Taking Ziim to public functions sometimes could be worrisome. On Sunday, my friends at the FFF invited us to the annual CODISA Sunday Service in the Chapel of the healing cross, Idi-Araba, here in Suru-Lere, Lagos. CODISA is an acronym for Committee For The Disabled, the name speaks for itself. I was told that the service would start at 9 am after which a reception was to follow.
The day started off on a good note, Ziim woke up dry, that means I saved a diaper. Put in proper perspective, I met her still dry for she does almost always wake up dry, it is me who probably while engaged with something else fails to observe her waking up, thus leaving her long enough for her to wet her diaper. I quickly put her on her potty chair, she did not just wee, but she did no 2, wonderful!! It means one of my sources of worry has been dismissed for that day. One of my worries when we go out is that I may need to take her to the toilet, I am yet to see a public toilet in Lagos that considers the likes of her; children that you may need to lie on the table to change.
We arrived the venue about 8.30a.m. I usually try to get to events early so that I may get good parking space. This also is one other source of worry. In Nigeria, I do not think people living with disabilities are taken into consideration when parking spaces are constructed, I have not seen spaces marked “disability parking”. Anyway, I got there at I time I considered early enough, but as I tried to drive inside the premises, one of the security men informed that there were no parking spaces left inside. It meant that I needed to pack quite far away from the venue. It will be a long walk back and I did not want to put Ziim’s push chair through the untarred road, so I stopped close to the gate, brought out her stroller from the trunk and put her there, moving her to the side of the road. I wanted to leave her there and go and pack, then come and take her in. The same security man came back, madam, you want to pack? of course I do, I will leave my child here and go and find parking space some where outside then I come and take her. Ha….. dis your baby,hm oma se’ o (this your baby, it’s a pity) come make I find space for you here. Pronto, he found me a parking space where he had said there were no spaces left. I was happy for the space, but hated the sympathy. I hate it when people “pity” me because of my child!! But most times that is what I get from people, some you could read it on their faces, others are what I consider bold enough to walk up to me and patronizingly say something like “my sister, it is well oh, the Lord is your strength , or the Lord is in control”. We get this often outside my church, then she’ll quickly inform me about a powerful priest somewhere whose anointing can heal my baby instantly if only I can but visit his church with my baby. You will note that outside is emphasized because inside the church she has deliberately avoided us, she made sure she did not shake hands with me or my baby when the priest asked the congregation to give each other a sign of peace.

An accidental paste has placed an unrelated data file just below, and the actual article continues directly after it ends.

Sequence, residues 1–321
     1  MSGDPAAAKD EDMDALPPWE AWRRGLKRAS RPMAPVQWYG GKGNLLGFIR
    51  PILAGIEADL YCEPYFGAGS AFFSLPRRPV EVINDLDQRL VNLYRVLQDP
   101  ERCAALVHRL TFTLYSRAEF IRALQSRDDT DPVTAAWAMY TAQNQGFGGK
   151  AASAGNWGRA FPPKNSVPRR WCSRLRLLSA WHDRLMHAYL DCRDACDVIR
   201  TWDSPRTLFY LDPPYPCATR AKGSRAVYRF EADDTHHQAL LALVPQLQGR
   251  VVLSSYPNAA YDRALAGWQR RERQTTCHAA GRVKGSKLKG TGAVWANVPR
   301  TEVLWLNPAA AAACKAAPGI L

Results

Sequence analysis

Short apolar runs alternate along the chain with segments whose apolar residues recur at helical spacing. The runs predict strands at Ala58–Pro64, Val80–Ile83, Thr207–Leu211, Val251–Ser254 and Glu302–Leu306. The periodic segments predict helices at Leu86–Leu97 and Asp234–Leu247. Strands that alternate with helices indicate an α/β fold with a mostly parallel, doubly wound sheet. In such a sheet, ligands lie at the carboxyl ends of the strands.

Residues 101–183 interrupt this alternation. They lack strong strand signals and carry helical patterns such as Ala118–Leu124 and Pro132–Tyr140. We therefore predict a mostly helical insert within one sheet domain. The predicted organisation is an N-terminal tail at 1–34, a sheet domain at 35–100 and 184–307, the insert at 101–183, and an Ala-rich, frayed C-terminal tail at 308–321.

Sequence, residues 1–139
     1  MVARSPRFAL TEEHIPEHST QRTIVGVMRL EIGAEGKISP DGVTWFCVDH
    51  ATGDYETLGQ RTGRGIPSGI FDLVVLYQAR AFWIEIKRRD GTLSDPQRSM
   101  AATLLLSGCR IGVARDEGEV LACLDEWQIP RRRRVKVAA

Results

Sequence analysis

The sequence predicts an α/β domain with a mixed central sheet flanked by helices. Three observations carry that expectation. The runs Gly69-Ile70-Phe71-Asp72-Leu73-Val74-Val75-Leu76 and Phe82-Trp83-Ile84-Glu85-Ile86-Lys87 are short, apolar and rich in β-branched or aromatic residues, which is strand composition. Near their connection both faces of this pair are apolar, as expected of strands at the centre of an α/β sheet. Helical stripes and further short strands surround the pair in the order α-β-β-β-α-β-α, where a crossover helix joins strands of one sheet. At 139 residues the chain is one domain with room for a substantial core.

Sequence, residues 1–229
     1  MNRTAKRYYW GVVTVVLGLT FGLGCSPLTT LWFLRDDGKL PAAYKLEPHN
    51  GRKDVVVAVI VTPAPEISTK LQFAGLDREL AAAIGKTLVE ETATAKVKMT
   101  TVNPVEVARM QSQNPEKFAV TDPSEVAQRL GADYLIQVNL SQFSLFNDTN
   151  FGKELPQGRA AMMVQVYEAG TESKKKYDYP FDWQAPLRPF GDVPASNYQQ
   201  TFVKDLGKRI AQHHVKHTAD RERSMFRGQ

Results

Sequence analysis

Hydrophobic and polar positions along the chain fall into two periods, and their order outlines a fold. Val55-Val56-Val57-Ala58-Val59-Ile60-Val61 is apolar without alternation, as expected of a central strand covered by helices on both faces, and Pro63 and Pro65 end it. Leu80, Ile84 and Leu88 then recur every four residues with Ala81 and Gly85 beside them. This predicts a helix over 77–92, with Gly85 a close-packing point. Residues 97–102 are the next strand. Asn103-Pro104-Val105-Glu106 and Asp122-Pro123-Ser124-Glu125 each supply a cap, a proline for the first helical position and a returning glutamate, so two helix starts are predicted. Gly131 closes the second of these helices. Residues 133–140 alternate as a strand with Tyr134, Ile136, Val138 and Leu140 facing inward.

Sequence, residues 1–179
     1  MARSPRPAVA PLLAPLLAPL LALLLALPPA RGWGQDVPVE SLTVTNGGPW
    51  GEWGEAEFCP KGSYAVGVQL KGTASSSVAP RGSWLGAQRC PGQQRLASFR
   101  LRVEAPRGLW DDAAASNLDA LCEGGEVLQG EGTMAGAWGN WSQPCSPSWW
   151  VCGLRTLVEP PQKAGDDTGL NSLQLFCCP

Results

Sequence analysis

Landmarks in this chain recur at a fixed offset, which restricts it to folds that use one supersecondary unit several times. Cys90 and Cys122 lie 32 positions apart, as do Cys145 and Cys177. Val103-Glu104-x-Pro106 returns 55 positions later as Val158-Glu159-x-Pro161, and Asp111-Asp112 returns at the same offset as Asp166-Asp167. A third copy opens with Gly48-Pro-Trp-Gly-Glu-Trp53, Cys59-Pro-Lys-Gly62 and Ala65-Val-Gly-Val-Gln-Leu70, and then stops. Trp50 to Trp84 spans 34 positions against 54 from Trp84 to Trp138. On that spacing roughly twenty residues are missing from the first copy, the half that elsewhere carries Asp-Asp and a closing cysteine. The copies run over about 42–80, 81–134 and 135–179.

Anyway, I got my good parking space, we were early, I saw some members of the FFF, so I went to them and we sat together outside, waiting for the first service to end. Shortly it ended and we went in. I noted that there was no ramp at the door. One lady helped me lift up the push chair inside, thank you, I found a spot and positioned Ziim’s chair and sat down, ready to enjoy the occasion. From my position, I could watch people coming in, I watched as all the wheel chair assisted people coming inside the church were lifted at the entrance and I could not help wondering why it never occurred to any of the committee members to put even a temporary wooden ramp at the entrance door at least for this occasion. This is one other thing I worry about when we have to go to public events; that we may be barred by the structures at the venue. And as Zimuzo is getting older and bigger, the reality daily stares me at the face.
As the service started, I forgot about the “slight” omission at the entrance and concentrated at enjoying it. The choir was simply good, songs were uplifting. The committee had invited people from different homes and schools for people with different forms of disabilities. The gospel passage was read by a boy with visual impairment from Pacceli School for the blind, nice, talk of inclusion. The sermon was really nice, soul moving if you ask me, though I must confess that I was a bit distracted as I was engrossed with watching two ladies interpret or is it transcribe the sermon to the hearing impaired children!! I couldn’t take my eyes off them!! Really nice!
The reception was good, good food, good music and good talk. The children had a good time, those who could danced their hearts out.Well done CODISA!!
Time to go, I had to give Mrs L and her son master S a ride. Master S has hydrocephalus, at 14 he is wheel chair assisted and incontinent. They came by taxi. I overhead the mother asking him to wait while she go get a taxi, so I offered to give them a ride home. I wanted to also talk with her and share with her some of my fears.
We had a good talk, at the end we agreed that the best thing is just to take the days one at a time. When I dropped her off, she said, you never know, by the time your daughter is 14, she may not need a wheelchair, I still hope and believe that S will walk someday” I said a big Amen. Please say Amen with me!